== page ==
(1) What orders the Government was placing with private concerns and with its own factories and arsenals; (2) which of these orders involved woman labor, skilled and unskilled as an important factor; (3) the status of the woman labor supply in the establishments filling such orders; (4) the factory and mill trained woman labor reserve in the vicinity of these establishments which could be mobilized under a call for paid but patriotic service in case of a shortage in the mills and in the near by factories; (5) other near by places from which industrial recruits can be secured in case there is a shortage of trained woman labor in the immediate vicinity of establishments filling Government war orders.
The Bureau was able to get the War and Navy contracts as they were let; the necessary information as to the supply of trained woman labor to complete these contracts was obtained, and through local committees of its scores of cooperating organizations, the Bureau worked registering women for service and sending them direct to the establishments needing help. The value of such a work to the Government, to the firms holding government contracts and to the women workers must be at once apparent. The National League for Woman's Service has worked intelligently in many directions, but had it confined its efforts to the Registration Bureau alone it would be entitled to the highest commendation.
It was after the League had begun a general registration of the woman power of the country that the Woman's Committee of the Council of National Defense undertook such a registration, and for the purpose of avoiding confusion the National League for Woman's Service called its registration "Enrollment" instead of "Registration."
The "Follow-Up" system employed by the League proved most effective. By this system every volunteer enrolled for service was brought into an organization and especially prepared for the service which she had volunteered. The keynote of instruction sent out from the national headquarters is "Service must never be sacrificed to organization; but too frequently service is sacrificed because of lack of organization."
The National League for Woman's Service cooperated in a most interesting demonstration in food conservation in New York City made by the Mayor's Committee, the Woman's University Club, the Boy Scouts and other organizations. All food coming into New York City is inspected at the docks. The custom has been to condemn a crate of fruit or vegetables if only a small portion of the contents was unfit for use, and to throw away the entire crate. Now every barrel or crate which is not passed by the inspectors is turned over to the Mayor's Committee. The contents are sorted and all that is fit for use is either sold or canned at the demonstration kitchen.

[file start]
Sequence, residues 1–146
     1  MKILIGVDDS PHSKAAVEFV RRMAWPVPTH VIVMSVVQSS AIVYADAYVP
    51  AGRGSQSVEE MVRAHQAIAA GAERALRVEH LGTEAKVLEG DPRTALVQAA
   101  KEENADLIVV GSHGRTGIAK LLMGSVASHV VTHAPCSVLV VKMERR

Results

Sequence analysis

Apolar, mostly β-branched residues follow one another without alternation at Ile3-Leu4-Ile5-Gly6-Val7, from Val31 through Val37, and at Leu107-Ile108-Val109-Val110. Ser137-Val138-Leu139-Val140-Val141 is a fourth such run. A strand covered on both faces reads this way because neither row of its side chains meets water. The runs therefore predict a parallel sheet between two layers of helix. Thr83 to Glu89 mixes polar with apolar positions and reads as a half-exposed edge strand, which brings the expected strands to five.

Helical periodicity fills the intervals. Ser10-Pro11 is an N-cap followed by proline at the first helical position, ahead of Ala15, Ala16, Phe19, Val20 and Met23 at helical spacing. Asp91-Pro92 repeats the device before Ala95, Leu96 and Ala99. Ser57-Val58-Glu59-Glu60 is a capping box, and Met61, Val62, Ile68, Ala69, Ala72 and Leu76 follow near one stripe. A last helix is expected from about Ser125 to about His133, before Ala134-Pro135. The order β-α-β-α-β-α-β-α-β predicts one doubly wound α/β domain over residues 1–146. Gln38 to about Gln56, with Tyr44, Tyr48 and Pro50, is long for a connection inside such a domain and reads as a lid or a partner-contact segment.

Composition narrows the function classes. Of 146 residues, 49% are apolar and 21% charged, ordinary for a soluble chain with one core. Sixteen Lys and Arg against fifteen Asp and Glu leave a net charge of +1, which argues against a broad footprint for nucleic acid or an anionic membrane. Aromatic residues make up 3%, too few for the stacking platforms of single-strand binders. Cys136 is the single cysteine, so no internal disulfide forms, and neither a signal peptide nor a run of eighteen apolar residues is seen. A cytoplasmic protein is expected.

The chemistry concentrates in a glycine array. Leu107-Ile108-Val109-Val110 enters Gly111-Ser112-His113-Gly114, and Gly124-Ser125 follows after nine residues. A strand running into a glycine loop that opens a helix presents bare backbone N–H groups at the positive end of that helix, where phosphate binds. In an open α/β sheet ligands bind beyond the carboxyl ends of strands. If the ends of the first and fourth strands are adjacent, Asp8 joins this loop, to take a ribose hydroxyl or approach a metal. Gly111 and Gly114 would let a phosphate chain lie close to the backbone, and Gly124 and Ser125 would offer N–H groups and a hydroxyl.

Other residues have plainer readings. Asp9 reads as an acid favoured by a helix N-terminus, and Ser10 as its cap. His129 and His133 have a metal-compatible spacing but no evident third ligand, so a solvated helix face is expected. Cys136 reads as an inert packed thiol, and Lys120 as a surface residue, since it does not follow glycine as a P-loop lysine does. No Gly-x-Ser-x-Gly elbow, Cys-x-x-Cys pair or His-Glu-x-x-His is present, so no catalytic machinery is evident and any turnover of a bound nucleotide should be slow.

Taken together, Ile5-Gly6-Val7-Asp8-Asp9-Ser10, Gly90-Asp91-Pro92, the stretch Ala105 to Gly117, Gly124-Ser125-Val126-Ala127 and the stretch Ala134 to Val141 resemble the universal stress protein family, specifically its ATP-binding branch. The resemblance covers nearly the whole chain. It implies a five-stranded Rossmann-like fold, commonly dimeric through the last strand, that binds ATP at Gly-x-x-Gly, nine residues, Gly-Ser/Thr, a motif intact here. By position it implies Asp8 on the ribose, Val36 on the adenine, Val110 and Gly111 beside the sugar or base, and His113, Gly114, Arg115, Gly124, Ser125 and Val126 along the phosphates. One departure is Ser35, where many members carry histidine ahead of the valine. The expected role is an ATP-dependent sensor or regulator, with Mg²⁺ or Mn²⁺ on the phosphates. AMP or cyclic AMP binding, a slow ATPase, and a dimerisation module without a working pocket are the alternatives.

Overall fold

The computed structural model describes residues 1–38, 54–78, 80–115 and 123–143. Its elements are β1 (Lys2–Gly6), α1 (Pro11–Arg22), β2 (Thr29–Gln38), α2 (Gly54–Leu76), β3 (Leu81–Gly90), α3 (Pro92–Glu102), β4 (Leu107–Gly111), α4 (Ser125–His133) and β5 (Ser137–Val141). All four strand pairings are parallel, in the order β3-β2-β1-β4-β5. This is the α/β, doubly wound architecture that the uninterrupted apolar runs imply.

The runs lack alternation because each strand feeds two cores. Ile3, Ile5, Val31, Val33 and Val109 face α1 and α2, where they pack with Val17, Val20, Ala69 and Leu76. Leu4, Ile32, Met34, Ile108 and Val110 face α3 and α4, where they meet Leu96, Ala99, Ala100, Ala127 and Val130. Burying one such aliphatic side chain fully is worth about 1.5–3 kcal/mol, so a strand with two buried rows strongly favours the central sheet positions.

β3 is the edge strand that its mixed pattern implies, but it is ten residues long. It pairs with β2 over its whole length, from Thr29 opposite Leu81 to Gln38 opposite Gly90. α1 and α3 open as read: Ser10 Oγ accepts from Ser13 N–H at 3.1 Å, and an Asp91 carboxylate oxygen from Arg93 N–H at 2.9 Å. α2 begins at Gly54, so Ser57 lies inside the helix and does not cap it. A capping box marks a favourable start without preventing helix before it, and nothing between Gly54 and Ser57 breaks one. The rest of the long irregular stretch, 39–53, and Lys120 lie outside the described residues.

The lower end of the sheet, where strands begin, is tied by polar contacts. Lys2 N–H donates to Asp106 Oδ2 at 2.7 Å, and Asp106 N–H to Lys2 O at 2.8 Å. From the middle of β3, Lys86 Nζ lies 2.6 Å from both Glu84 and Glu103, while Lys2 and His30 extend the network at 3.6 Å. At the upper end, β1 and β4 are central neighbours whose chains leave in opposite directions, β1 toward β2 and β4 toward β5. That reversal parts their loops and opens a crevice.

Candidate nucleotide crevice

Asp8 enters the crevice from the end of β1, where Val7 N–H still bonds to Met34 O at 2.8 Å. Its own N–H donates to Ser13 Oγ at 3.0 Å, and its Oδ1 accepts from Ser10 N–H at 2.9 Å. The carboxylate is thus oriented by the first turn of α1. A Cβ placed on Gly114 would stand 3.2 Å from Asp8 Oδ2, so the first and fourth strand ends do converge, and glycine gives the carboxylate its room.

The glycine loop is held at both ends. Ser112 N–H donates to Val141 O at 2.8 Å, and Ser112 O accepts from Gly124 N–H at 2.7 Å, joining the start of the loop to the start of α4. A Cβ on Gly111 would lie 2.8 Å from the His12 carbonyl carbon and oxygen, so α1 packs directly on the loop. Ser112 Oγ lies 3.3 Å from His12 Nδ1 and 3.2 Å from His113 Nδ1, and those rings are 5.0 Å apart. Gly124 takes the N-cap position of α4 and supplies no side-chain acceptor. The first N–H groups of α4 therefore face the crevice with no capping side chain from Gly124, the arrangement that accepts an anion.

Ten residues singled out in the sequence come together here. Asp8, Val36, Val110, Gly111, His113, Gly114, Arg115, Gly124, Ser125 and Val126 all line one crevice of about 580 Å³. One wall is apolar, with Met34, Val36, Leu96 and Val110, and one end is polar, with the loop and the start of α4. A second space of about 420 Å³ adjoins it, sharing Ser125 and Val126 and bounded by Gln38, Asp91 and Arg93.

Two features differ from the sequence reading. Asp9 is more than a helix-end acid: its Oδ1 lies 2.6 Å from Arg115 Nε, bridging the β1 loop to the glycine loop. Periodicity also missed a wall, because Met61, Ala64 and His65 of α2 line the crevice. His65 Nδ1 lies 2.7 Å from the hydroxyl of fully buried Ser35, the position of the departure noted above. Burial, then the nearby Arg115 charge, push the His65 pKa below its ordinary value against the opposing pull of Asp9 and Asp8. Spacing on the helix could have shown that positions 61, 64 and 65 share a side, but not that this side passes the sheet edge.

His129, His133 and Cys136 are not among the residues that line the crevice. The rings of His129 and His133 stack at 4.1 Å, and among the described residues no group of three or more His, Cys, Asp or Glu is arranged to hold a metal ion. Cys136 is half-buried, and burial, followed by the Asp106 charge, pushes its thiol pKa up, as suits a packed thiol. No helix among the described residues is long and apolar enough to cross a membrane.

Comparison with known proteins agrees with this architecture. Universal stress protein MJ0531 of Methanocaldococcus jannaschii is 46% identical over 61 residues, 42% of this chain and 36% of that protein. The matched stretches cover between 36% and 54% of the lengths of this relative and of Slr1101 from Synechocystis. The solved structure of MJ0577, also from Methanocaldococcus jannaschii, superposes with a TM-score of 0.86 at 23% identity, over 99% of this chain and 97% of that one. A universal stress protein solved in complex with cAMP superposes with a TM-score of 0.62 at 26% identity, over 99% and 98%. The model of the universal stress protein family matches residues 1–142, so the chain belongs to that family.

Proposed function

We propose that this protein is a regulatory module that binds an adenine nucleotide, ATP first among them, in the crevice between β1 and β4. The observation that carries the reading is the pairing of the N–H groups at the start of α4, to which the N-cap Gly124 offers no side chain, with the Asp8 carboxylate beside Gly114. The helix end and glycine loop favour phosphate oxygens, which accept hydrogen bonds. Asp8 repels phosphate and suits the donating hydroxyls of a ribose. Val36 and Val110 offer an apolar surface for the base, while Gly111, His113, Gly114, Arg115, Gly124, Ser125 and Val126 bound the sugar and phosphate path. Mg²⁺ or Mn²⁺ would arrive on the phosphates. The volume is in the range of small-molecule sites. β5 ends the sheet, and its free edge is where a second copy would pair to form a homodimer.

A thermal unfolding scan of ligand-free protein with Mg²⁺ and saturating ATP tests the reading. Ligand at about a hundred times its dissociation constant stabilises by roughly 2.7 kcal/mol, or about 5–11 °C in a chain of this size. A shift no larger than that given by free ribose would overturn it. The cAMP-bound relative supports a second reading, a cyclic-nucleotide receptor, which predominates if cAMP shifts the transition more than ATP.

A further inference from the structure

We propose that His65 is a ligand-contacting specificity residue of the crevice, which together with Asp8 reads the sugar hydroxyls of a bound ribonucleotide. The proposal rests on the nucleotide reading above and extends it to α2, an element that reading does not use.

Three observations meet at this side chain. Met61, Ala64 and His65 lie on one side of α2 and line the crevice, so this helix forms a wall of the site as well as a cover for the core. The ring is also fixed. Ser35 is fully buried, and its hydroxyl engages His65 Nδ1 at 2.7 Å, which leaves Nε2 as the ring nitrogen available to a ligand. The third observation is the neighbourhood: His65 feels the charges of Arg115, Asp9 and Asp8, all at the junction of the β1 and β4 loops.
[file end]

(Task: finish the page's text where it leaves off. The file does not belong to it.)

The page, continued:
In Schenectady, New York, the League secured the use of a small moving-picture theater a part of which is equipped with a kitchen where canning and cooking classes were held and demonstrations and lectures given with lantern slide illustrations. In Virginia the League pledged 30,000 cans of fruit and vegetables to be delivered for the soldiers by October 1, 1917.
A very important feature of the work of the League is the social club work for soldiers and sailors in different parts of the country. A notice regarding the club in New York City is posted on all of the transports of the Atlantic Fleet. To attend one of the social evenings at the New York City club a party of sailors who were without means walked from the Navy Yard in Brooklyn to the League's Club at 39th Street and back again, the round trip being over twelve miles.
The father of one of the boys came with him to the club and spent an evening. The following day he wrote to the League as follows: "I want to express my sincere appreciation of what you are doing for the boys of the army and the navy, and I would be glad to have a small part in this work. I enclose my check for $100."
Chapter XV. Permanent Organization